circumstances" are present only when an "external
obstacle" beyond the party's control "stood in
[its] way" and caused the delay. Menominee Indiana
Tribe of Wis. v. United States, 136 S.Ct. 750, 756
(2016). In other words, the circumstances that caused a
party's delay must be "both extraordinary
and beyond its control." Id. But
parties are bound by the acts of the attorney they choose to
represent them, just as a principal is bound by the acts of
its agent. Maples v. Thomas, 565 U.S. 266, 280-81
(2012) ("[W]hen a petitioner's postconviction
counsel misses a filing deadline, the petitioner is bound by
the oversight...."); Irwin v. Dep't of Veterans
Affairs, 498 U.S. 89, 92 (1990) ("Under our system
of representative litigation, 'each party is deemed bound
by the acts of his lawyer-agent....'" (quoting
Link v. Wabash R. Co., 370 U.S. 626, 634 (1962))).
Thus, errors by an attorney acting on a party's behalf do
not constitute external obstacles beyond the party's
control. Johnson v. McBride, 381 F.3d 587, 589-90
(7th Cir. 2004); see Maples, 565 U.S. at 280-82;
Coleman v. Thompson, 501 U.S. 722, 753 (1991)
("[T]he attorney is the petitioner's agent when
acting, or failing to act, in furtherance of the litigation,
and the petitioner must 'bear the risk of attorney
error.'" (quoting Murray v. Carrier, 477
U.S. 478, 488 (1986))). This principle generally applies both
to civil litigants and to habeas petitioners, neither of
which have a constitutional right to counsel.
Lawrence, 549 U.S. at 336-37; Johnson, 381
F.3d at 589-90; see also Modrowski, 322 F.3d at 968
("[Attorney negligence is not extraordinary and clients,
even if incarcerated, must vigilantly oversee, and ultimately
bear responsibility for, their attorneys' actions or
failures." (internal quotation omitted)).
mistake by Lombardo's counsel in identifying the correct
filing deadline was neither extraordinary nor beyond
Lombardo's control. Indeed, we have previously held that
this exact same mistake did not warrant equitable tolling. In
Robinson, the petitioner's counsel filed a
§ 2255 motion less than one year after the Supreme Court
denied hearing- which counsel mistakenly believed to be the
operative date- but more than one year after the Supreme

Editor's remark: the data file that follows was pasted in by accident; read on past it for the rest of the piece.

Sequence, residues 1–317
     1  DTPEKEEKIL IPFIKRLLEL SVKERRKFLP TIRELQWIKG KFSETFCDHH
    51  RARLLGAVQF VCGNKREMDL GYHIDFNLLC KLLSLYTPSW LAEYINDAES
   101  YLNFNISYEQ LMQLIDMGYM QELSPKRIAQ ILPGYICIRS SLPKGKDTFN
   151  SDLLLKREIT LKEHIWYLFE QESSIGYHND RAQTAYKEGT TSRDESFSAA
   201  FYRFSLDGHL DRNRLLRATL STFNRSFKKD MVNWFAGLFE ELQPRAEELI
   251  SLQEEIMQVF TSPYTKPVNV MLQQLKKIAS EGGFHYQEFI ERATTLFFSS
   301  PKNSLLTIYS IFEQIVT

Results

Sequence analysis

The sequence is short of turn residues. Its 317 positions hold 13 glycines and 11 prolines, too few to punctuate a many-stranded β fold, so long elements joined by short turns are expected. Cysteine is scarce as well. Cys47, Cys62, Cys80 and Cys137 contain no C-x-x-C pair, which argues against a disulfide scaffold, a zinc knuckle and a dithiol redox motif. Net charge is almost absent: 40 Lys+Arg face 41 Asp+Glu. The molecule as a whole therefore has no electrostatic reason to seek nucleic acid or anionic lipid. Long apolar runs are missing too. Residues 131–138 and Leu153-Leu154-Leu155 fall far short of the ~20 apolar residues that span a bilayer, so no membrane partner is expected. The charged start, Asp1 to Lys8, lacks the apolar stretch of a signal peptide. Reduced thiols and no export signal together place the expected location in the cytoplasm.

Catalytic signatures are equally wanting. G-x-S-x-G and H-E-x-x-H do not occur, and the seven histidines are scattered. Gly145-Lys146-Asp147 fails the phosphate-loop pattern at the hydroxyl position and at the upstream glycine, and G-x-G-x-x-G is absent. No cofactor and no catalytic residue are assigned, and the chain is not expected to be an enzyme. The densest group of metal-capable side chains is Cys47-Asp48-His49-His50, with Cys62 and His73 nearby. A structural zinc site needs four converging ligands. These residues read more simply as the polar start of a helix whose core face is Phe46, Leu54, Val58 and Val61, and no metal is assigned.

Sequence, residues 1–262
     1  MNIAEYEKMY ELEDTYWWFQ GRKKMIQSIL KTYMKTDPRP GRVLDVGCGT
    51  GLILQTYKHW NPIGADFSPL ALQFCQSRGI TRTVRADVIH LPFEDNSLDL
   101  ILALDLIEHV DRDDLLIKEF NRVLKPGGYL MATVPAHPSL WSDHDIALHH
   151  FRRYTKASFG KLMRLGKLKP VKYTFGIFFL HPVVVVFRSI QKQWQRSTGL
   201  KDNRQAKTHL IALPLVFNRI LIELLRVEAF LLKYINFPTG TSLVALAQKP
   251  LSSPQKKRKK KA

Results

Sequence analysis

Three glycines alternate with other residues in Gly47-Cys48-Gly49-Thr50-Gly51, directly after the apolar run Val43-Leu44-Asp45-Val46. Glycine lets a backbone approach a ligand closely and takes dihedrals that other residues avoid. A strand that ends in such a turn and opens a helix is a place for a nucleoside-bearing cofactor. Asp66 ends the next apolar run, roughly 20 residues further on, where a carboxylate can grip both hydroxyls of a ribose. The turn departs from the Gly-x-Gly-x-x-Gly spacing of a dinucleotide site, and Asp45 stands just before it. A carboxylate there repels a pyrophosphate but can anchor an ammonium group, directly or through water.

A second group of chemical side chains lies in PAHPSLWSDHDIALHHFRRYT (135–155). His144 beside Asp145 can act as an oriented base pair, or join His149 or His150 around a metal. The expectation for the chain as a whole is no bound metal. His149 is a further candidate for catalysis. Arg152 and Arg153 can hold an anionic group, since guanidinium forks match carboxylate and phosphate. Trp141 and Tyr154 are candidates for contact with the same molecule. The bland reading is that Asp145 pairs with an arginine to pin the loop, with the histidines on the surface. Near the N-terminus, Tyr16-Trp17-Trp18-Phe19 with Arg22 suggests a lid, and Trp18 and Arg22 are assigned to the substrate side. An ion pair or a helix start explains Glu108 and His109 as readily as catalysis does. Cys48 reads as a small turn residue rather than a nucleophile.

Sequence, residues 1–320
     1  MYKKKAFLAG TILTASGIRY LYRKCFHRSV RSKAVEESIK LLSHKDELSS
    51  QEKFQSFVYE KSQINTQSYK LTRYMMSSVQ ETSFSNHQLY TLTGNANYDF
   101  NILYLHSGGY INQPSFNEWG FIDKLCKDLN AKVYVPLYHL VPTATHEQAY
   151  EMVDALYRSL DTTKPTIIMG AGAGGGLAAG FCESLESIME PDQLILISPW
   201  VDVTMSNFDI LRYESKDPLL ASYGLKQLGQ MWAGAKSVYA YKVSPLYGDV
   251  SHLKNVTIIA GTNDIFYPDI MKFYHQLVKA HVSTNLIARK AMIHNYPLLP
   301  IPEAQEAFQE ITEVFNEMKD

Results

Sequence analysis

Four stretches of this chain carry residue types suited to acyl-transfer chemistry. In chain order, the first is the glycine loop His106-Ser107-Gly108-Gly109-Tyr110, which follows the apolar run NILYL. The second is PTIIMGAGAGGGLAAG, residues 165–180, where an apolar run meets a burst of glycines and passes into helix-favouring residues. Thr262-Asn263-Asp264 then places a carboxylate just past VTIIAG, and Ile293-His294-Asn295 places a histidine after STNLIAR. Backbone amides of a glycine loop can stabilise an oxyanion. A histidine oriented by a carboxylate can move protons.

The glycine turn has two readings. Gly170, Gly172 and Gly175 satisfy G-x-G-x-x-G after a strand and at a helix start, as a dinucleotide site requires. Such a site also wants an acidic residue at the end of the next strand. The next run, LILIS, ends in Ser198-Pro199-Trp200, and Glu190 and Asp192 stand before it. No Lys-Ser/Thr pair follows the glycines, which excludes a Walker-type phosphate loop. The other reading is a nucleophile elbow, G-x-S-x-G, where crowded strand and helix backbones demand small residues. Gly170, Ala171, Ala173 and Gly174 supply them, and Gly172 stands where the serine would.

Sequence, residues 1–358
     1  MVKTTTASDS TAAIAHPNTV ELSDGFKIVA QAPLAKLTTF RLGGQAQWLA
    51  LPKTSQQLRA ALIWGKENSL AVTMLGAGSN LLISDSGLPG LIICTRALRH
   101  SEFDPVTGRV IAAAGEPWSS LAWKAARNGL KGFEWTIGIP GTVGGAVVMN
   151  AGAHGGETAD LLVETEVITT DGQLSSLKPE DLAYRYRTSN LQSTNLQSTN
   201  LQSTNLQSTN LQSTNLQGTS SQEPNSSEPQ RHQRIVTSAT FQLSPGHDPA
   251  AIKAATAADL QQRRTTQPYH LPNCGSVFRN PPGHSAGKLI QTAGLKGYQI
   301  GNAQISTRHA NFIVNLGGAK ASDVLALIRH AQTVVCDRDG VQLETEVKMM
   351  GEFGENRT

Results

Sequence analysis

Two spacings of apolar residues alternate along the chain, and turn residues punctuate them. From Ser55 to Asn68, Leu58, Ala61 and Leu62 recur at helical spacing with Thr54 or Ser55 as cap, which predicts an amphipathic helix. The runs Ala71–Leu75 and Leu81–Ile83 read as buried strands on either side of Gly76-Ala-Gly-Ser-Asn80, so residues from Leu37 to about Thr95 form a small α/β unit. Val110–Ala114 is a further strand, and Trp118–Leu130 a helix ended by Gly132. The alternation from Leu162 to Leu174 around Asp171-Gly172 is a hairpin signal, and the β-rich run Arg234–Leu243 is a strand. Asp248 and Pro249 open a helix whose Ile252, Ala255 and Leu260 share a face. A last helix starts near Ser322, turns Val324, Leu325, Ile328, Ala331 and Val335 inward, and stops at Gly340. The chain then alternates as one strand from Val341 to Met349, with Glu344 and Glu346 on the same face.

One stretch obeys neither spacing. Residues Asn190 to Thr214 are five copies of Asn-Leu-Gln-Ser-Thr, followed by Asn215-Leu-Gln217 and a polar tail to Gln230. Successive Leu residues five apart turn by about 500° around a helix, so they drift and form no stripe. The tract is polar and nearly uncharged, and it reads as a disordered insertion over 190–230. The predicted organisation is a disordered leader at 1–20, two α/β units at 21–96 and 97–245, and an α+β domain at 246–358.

Court denied certiorari. 416 F.3d at 646-47. The petitioner
argued that the limitations period should be equitably tolled
in light of this mistake. We disagreed: "Equitable
tolling is granted sparingly, where extraordinary
circumstances beyond the litigant's control prevented
timely filing; a mistaken understanding about the deadline
for filing is not grounds for equitable tolling."
holding is consistent with the Supreme Court's more
recent decisions on equitable tolling. In Lawrence,
the Supreme Court confronted another mistake similar to the
one here, in the context of a § 2254 petition by a state
prisoner. 549 U.S. 327. Like under § 2255, petitions
under § 2254 face a one-year statute of limitations from
the date the conviction becomes final. 28 U.S.C. §
2244(d)(1). However, that period is tolled by statute for
§ 2254 petitions while a petition for postconviction
review is pending in the state courts. § 2244(d)(2). In
Lawrence, the petitioner's attorney believed a
state-court petition remained "pending" for
statutory tolling purposes until the United States Supreme
Court denied certiorari. The Supreme Court held, though, that
a state-court petition is no longer pending once the
state's highest court disposes of the petition, even if
the petitioner then seeks certiorari from the Supreme Court.
549 U.S. at 332. By that standard, Lawrence's federal
habeas petition was untimely.
argued in the alternative that he was entitled to equitable
tolling, but the Supreme Court disagreed, holding that he had
"fallen far short of showing 'extraordinary
circumstances' necessary to support equitable
tolling." Id. at 337. In particular, the Court
rejected the argument that an attorney's mistake of this
sort would justify equitable tolling:
Lawrence argues that his counsel's mistake in
miscalculating the limitations period entitles him to
equitable tolling. If credited, this argument would
essentially equitably toll limitations periods for every
person whose attorney missed a deadline. Attorney
miscalculation is simply not sufficient to warrant equitable
tolling, particularly ...